This alliance was expected to eat into Congress vote bank but as campaigning intensified, BJP was equally nervous about the impact of Jogi-Mayawati deal.

New Delhi: The elections in Chhattisgarh which have always been a direct contest between the BJP and the Congress seem tantalisingly poised, with neither party being sure about the damage potential of the alliance between former chief minister Ajit Jogi’s Janata Congress Chhattisgarh (JCC) and Mayawati-led Bahujan Samaj Party (BSP).

The state has always witnessed a close contest, which is reflected in the vote margin. For instance in 2003, the BJP had a vote share of 39.3 per cent while the Congress 36.7 per cent and the margin was 2.6 per cent. In 2008, BJP’s vote share stood at 40.33, while Congress secured 38.63 — the margin went down to 1.7 per cent. In 2013, BJP secured 41.04 per cent and Congress 40.29 per cent with the margin being 0.75 per cent.

This alliance was expected to eat into the Congress’ vote bank but as campaigning intensified the BJP was equally nervous about the impact of Jogi-Mayawati pact. Exit polls might give an indication of how this X factor played out in the state.

Chhattisgarh voted in two phases — on 12 and 20 November — and results will be announced on 11 December.

What is at stake?

It will be interesting to see whether Chief Minister Raman Singh, who is considered one of the most successful CMs of the BJP, will be able to hold his fort once again. The BJP is trying to retain power in the state for a fourth straight term.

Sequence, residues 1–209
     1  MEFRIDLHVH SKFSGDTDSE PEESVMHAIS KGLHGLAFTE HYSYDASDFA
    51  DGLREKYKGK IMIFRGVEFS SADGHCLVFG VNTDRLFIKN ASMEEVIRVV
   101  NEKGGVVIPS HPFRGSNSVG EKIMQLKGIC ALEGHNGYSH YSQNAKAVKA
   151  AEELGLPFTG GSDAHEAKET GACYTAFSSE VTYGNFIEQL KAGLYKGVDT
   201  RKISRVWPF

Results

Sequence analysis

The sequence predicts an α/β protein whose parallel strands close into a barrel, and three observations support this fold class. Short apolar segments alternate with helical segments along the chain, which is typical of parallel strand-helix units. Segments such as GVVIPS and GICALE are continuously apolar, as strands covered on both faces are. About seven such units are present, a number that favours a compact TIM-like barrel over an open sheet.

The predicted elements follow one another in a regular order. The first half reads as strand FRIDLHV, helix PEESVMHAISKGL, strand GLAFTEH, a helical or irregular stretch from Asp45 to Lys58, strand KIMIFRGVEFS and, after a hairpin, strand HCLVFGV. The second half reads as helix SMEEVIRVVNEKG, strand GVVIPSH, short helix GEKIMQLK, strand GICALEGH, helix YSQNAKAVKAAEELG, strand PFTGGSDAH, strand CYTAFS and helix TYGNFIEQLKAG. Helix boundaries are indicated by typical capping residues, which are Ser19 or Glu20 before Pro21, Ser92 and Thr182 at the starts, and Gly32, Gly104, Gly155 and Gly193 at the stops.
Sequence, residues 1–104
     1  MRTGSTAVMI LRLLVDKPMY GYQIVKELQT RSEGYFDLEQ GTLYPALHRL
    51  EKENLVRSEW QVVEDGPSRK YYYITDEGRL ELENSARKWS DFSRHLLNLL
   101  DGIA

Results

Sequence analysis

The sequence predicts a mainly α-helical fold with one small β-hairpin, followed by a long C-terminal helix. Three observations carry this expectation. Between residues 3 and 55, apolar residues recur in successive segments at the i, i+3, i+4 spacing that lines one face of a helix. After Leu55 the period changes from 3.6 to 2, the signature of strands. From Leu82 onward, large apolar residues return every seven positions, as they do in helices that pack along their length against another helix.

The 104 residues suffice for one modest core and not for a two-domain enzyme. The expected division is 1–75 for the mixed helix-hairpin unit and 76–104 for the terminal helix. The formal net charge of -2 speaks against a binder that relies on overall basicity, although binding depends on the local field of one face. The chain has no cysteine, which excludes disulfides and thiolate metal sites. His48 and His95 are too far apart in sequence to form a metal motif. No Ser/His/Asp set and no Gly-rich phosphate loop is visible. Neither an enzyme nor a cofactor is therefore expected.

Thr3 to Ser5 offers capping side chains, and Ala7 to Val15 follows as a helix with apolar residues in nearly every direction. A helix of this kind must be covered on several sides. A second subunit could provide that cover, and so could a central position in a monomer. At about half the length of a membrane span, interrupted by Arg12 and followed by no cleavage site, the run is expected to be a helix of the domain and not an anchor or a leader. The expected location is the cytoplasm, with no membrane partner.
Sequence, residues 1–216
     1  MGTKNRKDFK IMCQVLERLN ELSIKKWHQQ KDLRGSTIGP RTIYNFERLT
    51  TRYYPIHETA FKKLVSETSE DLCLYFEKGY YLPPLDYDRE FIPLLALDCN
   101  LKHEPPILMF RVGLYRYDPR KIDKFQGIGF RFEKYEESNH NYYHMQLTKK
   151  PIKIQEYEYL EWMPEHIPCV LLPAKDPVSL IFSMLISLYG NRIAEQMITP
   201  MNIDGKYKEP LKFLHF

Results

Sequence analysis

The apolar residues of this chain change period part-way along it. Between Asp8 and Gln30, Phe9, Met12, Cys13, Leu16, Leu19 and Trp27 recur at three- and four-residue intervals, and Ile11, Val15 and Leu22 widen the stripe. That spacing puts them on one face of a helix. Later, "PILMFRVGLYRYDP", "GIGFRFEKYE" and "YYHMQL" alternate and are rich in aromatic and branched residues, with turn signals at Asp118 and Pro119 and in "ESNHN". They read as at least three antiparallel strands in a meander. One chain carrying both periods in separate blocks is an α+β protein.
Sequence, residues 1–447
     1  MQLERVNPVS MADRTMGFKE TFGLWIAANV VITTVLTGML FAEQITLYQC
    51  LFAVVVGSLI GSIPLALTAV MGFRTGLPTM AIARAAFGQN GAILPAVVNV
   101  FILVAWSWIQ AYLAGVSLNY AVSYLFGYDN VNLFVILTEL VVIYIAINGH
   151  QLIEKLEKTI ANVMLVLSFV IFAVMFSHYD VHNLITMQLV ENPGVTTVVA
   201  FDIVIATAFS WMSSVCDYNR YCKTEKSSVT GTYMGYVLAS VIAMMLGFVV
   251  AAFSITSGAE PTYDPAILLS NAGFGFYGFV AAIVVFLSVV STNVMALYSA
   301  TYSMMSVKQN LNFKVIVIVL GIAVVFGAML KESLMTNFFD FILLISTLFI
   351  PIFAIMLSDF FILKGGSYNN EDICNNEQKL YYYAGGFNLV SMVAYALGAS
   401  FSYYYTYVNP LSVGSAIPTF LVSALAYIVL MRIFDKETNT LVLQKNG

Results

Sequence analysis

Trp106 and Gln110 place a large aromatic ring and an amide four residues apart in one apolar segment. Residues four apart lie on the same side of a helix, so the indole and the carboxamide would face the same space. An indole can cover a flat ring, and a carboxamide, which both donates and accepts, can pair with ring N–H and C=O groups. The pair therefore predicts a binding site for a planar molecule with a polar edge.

Even as BJP leaders claim the party will gain majority easily in the 90-member assembly, it won’t be easy to beat 15 years of anti-incumbency.

The Congress party’s handicap was the absence of a face who it could project as an alternative to Singh. The elections are crucial for the Congress as it has been out of power for the past 15 years in the state.


Also read: Why Modi is holding fewer rallies in MP and Chhattisgarh this time than in 2013 assembly polls


Key issues

Agrarian crisis, development, corruption, road connectivity, power shortage and the Maoist problem were the key concerns that were picked up by the opposition to target the BJP government. The manifestos of both the Congress and the BJP put the spotlight on the farmers as they are a considered a huge vote bank.

In Chhattisgarh, a high percentage of the population is engaged in agriculture and allied activities. Naxalism also dominated the assembly election campaigns as politicians repeatedly raised the issue in their speeches.

For instance, Prime Minister Narendra Modi accused the Congress of backing “urban Naxals” at a rally held on 9 November in the state and the Congress quickly retorted by saying that the BJP was trying to hide its failure in combating Naxalism and bringing development to the state.


Also read: Nearly half of Chhattisgarh’s outgoing MLAs had over 95% attendance


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  1. If Ms Mayawati is unable to stop the Congress from coming to power in Chhatisgarh – the BSP has a small role in deciding the outcome in MP, none at all in Rajasthan – she might wish to think where her politics is taking her. Last step into the sunset is if she does not ally with the SP in UP. The stakes are higher for her than they are for Shri Ajit Jogi.

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